| 5 Most Common Sports Injuries of the Foot and Ankle
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5 Most Common Sports Injuries of the Foot and Ankle

5 Most Common Sports Injuries of the Foot and Ankle

Our feet and ankles are the most rigorously overworked parts of our body. Every step you take, each jump you make, while running or just standing, the feet and ankles absorb shock and propel our body forward. It is not uncommon to risk injury to either your foot or your ankle at some point in your life.

However, individuals that take part in sports activities that require a lot of running or jumping stand at a higher risk of developing foot and ankle injuries.  Among the games that place a lot of strain on your feet include football, rugby, soccer, basketball and also dancing.

So what are these injuries? We have outlined the top five most common sports-related foot and ankle injuries for your convenience and knowledge.

  1. Achilles Tendinitis

The Achilles tendon is the largest tendon in the entire body that connects the heel bone to the calf muscles. It continuously contracts in conjunction with the calf muscles and pulls the heel bone up to facilitate each step you take.

Eventually, repeated stretching and relaxing can cause inflammation, pain, and swelling which is familiar with musculoskeletal injuries. Achilles tendinitis is common with runners who significantly increase the time and intensity of their running.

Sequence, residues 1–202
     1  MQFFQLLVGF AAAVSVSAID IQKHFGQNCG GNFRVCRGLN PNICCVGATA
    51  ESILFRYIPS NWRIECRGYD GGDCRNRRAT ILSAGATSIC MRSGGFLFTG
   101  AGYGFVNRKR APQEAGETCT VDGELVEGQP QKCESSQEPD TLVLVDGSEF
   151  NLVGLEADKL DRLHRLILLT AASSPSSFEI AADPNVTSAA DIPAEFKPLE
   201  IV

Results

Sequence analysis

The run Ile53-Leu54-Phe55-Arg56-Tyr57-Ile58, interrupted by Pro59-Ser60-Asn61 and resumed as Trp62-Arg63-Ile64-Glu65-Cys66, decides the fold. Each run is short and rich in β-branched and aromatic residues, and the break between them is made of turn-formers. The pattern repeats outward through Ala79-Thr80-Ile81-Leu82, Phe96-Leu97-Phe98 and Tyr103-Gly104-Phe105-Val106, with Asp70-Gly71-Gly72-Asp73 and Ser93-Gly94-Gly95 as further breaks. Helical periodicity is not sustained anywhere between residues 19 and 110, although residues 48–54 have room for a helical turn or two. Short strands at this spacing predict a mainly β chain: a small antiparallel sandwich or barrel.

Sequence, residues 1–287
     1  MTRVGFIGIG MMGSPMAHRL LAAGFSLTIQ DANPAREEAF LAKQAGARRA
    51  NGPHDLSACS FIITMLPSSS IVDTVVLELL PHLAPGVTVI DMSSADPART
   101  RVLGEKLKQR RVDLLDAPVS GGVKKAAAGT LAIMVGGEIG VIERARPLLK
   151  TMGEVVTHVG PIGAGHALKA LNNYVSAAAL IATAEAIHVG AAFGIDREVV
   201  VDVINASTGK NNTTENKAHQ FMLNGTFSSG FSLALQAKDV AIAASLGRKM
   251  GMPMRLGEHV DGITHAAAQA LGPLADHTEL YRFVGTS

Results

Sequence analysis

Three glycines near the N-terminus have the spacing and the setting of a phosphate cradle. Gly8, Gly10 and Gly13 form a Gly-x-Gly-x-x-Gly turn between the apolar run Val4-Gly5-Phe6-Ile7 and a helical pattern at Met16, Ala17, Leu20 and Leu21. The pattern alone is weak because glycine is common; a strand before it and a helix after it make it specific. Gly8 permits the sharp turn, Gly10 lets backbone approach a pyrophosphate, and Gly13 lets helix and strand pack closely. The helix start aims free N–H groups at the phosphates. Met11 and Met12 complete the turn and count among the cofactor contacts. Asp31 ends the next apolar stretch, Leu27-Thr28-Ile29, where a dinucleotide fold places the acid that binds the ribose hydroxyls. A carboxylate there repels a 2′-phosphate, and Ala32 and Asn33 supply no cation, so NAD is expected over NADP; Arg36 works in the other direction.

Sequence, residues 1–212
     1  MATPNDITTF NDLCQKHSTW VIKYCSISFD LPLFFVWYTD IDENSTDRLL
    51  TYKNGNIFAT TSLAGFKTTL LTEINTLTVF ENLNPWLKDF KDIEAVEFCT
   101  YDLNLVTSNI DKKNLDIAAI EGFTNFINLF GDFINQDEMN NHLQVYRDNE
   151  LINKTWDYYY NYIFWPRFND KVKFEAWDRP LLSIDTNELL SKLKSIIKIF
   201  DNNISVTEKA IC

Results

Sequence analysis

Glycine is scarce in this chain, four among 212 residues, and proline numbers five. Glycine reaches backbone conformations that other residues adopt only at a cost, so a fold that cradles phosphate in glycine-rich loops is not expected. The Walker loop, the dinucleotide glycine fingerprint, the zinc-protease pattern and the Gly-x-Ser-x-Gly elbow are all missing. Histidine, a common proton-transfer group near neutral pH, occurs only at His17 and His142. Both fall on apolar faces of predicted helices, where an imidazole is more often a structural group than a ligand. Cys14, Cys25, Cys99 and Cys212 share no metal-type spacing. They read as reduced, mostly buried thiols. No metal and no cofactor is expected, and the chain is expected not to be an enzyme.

1. Ankle Sprains

Although not as critical as Achilles Tendinitis, ankle sprains can trigger immense pain which ultimately proves walking or standing too difficult. An ankle sprain is caused by the twisting of the foot into awkward angles which in turn causes damage to the foot ligaments.

Ankle sprains can either be inverted (foot twisting inwards) or everted (foot twisting outwards). The more recurrent of the two is the inversion ankle sprain although eversion ankle sprains are severe. Golfers experience ankle sprains often.

  1. Stress Fractures

There is a fine line of difference between a stress fracture and a normal fracture. Stress fractures are characterized by small fractures on the bone while normal fractures involve the breakage of the entire bone. The muscles in the feet are unable to absorb the repeated stress placed on them, channeling the force of each impact to the bones, leading to stress fractures

Sports activities that render repeated stress on the metatarsals include dancing, football, cricket and also tennis.

  1. Plantar Fasciitis

Another stress-related foot and ankle injury is plantar fasciitis. In this case, the plantar fascia, the ligament supporting the arc in our feet, absorbs too much stress. It eventually weakens, swells up and gets inflamed.

The great strain that the plantar fascia undergoes causes tears in the ligaments, resulting in crippling pain at the bottom of the heel. Running on hard surfaces can lead to plantar fasciitis. Competitive athletes with flat, or high-arched feet are at a higher risk of developing this injury.

 

  1. Heel Spur

Heel spurs are calcium deposits that lead to protrusions on the heel bone. Heel spurs are often painless and can go unnoticed. An overstretched plantar fascia can provoke the growth of a heel spur. When the membrane covering the heel bone is continuously torn, it can lead to the start of a heel spur.

Running on hard surfaces and wearing inappropriate footwear that lack arch support are some of the factors that can support the occurrence of heel spurs.

 

Most of the mentioned sport-related injuries can be managed through nonsurgical treatments. Heel stretching exercises, incorporation of orthotics and anti-inflammatory medication can work harmoniously to do away with most of these injuries.

If you are experiencing any of the injuries mentioned above, consult with a podiatrist near you immediately.

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